Physiology of urine formation: There are mainly 3 processes involved in urine formation.
- Glomerular filtration
- Tubular reabsorption
- Tubular secretion.
It is the filtration of body fluids and solutes from the blood filtration are assisted by the difference between the blood pressure in the glomerulus, and the pressure of filtrate in the glomerular capsule. The volume of the filtrate by both kidneys in each minute is called Glomewar Filtration Rate (GFR) in a healthy individual GFR is 125ml/min i.c.80 liter of trade is formed each day by two kidneys but nearly all the filtrate is reached and 1-1.5its is excreted as urine.
GFR rate depends on the following factors:
- Permeability of capillaries
- Area of filtration
- intra-capillary pressure
- The osmotic pressure of the blood.
Nearly 180 liters of filtrate is formed each day by two kidneys but nearly all the filtrate is reabsorbed and 7-1.5fts is excreted as urine. The following substances are reabsorbed by the rent tubules:
- It is reabsorbed completely from the proximal tubules, galactose, fructose is all so reabsorbed.
- More than 80% of water is reabsorbed and these stikes place in collecting tubules and proximal and distal tubules This reabsorption is controlled by antidiuretic the hormone of the posterior pituitary gland.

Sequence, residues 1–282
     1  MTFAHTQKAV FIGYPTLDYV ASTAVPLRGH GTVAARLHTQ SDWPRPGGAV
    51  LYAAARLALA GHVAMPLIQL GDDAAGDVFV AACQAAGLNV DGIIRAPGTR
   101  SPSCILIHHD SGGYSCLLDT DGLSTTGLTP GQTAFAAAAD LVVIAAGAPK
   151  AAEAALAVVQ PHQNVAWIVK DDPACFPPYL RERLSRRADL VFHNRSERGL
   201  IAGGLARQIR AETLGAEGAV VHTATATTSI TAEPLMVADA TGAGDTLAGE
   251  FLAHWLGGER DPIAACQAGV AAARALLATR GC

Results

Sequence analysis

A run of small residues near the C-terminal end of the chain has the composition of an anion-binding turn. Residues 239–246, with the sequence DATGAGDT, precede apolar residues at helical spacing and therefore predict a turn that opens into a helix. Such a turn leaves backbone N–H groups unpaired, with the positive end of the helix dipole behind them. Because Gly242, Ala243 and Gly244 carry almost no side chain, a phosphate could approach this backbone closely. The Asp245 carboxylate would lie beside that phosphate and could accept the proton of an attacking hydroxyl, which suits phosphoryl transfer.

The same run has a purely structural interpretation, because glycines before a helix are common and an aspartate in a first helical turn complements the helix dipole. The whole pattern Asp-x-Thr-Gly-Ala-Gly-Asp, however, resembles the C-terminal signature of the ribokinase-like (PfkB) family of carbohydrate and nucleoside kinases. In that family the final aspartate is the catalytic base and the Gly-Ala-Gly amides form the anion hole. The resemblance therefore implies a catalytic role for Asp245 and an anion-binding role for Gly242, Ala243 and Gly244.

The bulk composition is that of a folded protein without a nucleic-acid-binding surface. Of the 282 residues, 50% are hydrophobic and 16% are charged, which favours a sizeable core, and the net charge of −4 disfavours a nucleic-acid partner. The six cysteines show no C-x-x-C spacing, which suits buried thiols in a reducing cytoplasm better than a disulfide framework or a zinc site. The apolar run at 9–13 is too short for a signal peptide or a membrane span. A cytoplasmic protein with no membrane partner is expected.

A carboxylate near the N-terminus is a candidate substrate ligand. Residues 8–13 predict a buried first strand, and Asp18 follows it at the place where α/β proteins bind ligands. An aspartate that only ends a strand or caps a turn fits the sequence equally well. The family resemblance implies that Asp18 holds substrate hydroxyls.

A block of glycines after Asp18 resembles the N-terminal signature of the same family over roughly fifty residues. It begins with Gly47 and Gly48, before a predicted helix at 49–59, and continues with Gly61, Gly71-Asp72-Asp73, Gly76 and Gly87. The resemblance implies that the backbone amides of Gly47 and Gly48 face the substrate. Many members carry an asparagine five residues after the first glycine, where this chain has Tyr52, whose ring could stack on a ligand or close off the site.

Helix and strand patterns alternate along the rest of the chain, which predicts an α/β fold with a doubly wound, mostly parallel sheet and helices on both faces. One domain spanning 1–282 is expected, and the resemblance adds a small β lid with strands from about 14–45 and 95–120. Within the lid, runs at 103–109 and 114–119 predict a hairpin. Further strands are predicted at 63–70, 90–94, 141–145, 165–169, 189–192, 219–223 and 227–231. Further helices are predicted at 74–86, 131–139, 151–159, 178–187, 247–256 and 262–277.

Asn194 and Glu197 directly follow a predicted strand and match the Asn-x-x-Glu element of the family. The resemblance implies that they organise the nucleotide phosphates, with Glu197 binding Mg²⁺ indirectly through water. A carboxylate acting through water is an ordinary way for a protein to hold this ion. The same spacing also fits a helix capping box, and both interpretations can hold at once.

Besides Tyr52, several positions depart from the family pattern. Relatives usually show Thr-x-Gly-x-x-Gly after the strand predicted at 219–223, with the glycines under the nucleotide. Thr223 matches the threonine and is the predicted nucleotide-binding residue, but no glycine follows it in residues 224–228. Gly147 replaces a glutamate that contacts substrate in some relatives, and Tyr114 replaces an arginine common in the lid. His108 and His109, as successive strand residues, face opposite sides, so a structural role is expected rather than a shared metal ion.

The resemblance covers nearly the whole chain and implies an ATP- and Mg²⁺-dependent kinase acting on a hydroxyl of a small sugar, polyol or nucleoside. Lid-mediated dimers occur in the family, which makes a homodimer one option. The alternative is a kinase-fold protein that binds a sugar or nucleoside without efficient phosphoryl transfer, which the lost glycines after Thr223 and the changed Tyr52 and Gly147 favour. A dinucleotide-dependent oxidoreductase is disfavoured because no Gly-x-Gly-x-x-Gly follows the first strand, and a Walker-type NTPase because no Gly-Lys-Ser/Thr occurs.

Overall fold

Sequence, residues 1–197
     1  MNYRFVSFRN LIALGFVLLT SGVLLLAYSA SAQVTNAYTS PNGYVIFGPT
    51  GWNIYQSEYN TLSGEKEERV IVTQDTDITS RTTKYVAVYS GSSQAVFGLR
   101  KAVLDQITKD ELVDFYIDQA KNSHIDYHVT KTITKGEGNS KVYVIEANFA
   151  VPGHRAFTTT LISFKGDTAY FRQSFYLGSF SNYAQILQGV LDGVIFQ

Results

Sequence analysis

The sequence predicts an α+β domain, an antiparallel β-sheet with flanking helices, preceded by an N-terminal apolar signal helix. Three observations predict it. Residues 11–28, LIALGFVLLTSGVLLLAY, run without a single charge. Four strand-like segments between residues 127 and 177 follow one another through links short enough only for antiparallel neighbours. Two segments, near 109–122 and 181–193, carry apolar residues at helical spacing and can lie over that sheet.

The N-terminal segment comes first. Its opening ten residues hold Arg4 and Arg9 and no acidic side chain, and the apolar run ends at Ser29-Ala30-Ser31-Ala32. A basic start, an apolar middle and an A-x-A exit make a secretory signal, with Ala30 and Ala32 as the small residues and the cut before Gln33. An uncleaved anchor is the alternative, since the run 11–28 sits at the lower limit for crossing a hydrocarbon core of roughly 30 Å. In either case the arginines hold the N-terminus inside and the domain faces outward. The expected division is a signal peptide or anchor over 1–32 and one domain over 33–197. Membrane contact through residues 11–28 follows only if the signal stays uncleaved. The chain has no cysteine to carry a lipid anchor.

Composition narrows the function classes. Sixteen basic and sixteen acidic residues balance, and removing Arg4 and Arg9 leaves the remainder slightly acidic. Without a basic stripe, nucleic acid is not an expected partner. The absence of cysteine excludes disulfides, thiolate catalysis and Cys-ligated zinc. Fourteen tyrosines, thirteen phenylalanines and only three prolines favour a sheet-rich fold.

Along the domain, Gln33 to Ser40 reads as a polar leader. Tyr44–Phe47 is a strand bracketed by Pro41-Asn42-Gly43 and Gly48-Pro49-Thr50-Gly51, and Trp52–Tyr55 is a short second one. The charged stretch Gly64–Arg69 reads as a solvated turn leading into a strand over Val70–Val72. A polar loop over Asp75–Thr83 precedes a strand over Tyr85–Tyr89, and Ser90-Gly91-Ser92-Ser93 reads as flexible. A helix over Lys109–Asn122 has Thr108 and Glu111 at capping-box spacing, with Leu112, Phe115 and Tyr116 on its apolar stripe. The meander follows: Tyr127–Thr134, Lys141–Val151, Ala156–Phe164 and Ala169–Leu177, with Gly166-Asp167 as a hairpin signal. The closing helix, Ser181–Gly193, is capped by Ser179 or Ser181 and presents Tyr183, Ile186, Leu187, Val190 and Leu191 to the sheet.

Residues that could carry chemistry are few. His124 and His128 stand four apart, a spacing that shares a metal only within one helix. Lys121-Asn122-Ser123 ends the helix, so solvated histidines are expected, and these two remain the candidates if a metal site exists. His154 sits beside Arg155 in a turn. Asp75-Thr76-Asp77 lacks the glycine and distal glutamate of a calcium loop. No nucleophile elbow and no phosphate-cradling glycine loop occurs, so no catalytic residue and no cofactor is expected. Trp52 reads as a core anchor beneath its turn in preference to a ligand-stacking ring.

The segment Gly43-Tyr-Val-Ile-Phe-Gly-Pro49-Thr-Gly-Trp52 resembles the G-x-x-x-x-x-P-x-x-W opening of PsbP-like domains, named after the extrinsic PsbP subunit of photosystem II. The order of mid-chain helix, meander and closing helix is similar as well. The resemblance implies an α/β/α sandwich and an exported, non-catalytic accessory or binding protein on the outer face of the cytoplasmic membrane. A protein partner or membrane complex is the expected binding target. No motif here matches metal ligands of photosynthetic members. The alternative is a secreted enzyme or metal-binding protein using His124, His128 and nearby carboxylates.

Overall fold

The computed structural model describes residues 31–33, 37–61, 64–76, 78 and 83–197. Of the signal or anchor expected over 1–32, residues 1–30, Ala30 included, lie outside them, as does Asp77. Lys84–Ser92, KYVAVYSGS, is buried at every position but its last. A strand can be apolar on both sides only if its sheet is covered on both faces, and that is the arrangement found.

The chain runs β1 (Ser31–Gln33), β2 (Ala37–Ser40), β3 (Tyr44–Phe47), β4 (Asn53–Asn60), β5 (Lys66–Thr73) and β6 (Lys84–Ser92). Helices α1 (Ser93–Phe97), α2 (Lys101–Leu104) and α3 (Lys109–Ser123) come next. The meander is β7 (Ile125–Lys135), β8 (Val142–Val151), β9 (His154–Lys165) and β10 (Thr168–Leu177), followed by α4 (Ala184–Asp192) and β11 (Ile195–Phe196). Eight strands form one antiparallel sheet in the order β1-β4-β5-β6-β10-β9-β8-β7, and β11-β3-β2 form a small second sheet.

- NaCl is reabsorbed in the proximal and distal tubules
- Potassium, phosphate, and bicarbonate is completely reabsorbed in the proximal tubule
- Aldosterone regulates the extracellular fluid volume by adjusting the amount of sodium reabsorbed by the blood from the kidneys
- Uric acid, Creatine, Amino acids, Beta-hydroxybutyric acid are reabsorbed from the loop of Henle.
Further, the substances which are not found in the filtrate are also found in the urine these are directly excreted from the blood by the tubules through the enzyme mechanism, which is called tubulation. It is an active process in which substances like potassium, hydrogen, creatine, and drugs like penicillin, para amino-hippuric acid, etc are directly the tubular cells from the blood.
Make sure you also check our other amazing Article on : Anatomy of Nephron